Mr. Bonilla commented that the more they educated, the more responsibility they could spread to the citizens that visited their parks to be another set of eyes and hands in the parks to minimize vandalism. He stated that events required a minimum of at least two rangers and that so far it had been very hectic, and the rangers also picked up trash and provided feedback to the maintenance crew. He added that they were getting a lot of increase in attendance and the pavilions were all full, which also gave an opportunity for the park rangers to get feedback and exchange information with the public. He also commented that he appreciated all the support they received from the Board and the County Manager to implement the ranger program and that the benefits were endless.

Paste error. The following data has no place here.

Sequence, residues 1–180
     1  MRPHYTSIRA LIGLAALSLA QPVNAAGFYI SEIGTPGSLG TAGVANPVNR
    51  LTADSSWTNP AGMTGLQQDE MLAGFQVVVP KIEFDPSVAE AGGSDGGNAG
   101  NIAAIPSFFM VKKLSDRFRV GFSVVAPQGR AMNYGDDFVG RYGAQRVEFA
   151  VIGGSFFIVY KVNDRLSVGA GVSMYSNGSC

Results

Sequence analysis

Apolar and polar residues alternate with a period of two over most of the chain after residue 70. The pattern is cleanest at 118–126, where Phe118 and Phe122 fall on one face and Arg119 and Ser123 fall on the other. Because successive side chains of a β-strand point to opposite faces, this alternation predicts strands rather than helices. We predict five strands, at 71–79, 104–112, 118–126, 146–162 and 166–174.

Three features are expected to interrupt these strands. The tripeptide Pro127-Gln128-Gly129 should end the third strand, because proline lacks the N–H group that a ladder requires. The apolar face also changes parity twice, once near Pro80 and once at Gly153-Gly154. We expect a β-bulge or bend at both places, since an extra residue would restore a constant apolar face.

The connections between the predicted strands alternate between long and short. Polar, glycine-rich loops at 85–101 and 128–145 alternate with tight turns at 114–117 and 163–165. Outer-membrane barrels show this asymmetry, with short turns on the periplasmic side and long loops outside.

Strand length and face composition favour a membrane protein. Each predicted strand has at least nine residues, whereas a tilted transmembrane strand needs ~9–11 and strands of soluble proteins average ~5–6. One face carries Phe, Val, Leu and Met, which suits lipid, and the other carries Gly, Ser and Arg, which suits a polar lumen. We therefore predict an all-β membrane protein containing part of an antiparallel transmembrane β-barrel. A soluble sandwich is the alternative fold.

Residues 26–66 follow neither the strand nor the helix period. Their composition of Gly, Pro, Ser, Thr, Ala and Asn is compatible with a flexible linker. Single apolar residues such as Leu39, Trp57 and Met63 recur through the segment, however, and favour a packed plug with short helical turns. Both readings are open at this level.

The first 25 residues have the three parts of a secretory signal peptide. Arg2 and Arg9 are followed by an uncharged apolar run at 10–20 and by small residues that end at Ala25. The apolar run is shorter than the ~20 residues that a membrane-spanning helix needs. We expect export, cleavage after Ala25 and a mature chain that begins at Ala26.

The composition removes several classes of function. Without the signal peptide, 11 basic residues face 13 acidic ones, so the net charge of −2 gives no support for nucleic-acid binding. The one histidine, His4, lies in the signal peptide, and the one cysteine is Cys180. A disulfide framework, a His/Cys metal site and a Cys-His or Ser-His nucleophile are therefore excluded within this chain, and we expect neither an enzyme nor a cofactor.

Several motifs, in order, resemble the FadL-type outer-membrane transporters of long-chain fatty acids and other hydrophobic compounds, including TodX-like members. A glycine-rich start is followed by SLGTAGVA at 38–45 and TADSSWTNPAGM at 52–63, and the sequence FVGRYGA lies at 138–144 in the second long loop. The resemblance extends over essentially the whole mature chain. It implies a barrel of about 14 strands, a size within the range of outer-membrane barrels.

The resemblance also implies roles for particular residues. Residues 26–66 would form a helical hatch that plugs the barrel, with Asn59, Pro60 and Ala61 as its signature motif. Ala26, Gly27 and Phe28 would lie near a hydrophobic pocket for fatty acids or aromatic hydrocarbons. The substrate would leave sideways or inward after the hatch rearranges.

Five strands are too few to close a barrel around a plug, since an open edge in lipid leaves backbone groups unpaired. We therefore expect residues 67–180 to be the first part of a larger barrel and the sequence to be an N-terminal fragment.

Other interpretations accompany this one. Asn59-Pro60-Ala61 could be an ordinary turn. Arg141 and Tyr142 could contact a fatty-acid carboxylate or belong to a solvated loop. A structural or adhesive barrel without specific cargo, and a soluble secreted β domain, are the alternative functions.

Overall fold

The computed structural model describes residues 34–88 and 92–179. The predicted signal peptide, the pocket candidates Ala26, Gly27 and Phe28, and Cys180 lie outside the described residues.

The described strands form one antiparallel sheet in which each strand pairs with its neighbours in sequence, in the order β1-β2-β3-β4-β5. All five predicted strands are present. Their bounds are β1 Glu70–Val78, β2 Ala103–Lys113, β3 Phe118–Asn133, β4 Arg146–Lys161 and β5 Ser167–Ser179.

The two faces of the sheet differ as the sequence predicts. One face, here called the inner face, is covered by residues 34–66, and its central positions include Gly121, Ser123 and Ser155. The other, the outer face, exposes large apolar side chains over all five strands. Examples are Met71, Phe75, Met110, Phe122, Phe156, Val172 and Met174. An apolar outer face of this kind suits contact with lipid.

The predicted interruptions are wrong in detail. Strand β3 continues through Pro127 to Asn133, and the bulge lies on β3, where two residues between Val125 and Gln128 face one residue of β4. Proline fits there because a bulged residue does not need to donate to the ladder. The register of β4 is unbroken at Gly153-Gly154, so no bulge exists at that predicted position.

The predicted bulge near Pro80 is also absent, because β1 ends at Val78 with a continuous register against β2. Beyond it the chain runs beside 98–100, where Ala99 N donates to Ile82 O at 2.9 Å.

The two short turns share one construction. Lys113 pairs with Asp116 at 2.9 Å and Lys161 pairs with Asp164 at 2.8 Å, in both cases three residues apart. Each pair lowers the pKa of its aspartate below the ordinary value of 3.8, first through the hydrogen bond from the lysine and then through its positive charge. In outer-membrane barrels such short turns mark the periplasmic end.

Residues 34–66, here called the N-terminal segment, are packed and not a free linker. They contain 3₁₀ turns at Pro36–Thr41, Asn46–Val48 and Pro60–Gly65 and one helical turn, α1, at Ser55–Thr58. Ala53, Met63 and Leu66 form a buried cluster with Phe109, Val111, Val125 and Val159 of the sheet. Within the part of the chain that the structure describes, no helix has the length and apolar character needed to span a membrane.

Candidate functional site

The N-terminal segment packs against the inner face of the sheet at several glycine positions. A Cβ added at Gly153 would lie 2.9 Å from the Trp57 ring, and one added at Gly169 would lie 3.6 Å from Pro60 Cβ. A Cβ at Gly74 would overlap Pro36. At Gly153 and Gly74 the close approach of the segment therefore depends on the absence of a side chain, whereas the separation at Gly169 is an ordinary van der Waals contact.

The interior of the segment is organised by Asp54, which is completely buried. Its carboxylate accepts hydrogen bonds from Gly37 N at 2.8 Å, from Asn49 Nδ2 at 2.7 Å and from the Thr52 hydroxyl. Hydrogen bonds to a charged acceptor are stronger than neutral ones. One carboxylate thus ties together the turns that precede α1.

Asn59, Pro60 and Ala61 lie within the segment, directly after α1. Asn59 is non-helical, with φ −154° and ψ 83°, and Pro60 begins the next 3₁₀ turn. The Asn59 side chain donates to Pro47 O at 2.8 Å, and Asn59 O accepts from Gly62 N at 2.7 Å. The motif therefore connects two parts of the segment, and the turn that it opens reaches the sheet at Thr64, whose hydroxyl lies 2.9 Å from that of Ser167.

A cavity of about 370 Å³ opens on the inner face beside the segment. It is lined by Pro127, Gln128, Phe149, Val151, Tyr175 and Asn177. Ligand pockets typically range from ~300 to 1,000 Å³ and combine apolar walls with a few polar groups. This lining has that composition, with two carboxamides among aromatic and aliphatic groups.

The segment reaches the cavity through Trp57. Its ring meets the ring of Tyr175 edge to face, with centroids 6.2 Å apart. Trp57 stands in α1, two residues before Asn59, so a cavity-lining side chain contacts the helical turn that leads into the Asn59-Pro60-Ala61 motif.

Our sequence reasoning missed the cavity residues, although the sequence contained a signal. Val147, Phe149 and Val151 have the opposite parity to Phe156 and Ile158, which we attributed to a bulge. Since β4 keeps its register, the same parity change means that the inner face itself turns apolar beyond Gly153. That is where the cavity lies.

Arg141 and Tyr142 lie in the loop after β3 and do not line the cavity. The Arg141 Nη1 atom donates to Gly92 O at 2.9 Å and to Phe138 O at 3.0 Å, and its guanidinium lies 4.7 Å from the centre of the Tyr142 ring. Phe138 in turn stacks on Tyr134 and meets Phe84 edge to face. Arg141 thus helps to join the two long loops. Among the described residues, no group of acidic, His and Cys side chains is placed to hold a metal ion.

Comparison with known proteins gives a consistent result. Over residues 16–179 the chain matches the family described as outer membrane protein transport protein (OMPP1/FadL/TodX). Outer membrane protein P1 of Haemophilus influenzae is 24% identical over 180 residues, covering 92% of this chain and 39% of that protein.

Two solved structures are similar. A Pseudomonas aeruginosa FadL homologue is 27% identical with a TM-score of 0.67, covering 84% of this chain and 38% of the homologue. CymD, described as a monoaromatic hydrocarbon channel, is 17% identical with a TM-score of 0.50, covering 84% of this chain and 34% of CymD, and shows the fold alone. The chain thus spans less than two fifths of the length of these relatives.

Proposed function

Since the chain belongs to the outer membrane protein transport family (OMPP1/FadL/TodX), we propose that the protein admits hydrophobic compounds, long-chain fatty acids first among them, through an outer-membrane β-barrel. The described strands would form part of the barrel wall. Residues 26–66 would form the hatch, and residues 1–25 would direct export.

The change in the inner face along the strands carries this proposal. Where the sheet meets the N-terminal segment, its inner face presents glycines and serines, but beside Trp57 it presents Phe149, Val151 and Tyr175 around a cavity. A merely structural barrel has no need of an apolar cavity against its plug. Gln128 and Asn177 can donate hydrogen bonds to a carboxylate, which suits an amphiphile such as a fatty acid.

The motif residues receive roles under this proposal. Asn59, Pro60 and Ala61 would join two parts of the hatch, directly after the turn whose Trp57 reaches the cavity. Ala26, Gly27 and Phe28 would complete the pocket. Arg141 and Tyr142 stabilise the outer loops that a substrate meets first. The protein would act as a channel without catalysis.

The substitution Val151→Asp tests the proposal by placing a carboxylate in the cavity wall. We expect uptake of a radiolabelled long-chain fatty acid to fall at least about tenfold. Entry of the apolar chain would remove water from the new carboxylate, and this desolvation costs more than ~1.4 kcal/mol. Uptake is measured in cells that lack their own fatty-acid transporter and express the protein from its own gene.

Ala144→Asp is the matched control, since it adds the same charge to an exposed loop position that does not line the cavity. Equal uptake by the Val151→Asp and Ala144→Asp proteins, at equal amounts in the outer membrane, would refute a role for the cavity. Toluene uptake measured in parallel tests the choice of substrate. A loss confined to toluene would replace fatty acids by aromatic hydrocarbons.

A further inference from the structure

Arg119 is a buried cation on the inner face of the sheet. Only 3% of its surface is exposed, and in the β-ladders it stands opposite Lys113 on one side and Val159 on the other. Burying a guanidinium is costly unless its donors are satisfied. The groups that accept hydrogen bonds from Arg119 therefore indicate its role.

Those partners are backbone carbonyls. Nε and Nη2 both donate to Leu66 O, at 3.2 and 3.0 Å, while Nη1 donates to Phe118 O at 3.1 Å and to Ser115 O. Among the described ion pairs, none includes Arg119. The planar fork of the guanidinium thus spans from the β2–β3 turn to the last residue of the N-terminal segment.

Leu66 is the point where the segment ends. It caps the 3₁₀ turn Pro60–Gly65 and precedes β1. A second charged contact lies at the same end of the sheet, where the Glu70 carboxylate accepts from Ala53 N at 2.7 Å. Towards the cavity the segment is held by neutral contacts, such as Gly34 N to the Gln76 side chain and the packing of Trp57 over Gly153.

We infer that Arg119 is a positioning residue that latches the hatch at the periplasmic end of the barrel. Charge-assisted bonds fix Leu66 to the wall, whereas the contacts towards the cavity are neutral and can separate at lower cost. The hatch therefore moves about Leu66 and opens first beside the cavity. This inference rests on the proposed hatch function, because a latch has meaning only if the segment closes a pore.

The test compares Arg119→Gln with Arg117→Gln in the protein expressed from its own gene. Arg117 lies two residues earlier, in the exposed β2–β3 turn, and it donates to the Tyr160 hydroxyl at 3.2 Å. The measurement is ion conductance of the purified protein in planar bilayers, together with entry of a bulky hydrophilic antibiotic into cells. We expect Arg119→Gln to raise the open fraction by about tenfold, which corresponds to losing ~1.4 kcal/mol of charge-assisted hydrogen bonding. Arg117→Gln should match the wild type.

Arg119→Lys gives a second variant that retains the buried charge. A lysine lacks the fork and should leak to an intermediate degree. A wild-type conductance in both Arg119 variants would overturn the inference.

Commr. Cadwell commented that the expectations for the parks would continue to grow now that more people were using the parks.
Commr. Renick inquired if the Parks Division would be managing and maintaining the PLAAC properties.
Mr. Stivender responded that would have to be worked out in the future.
FLEET MANAGEMENT FUNDING AND EXPENDITURES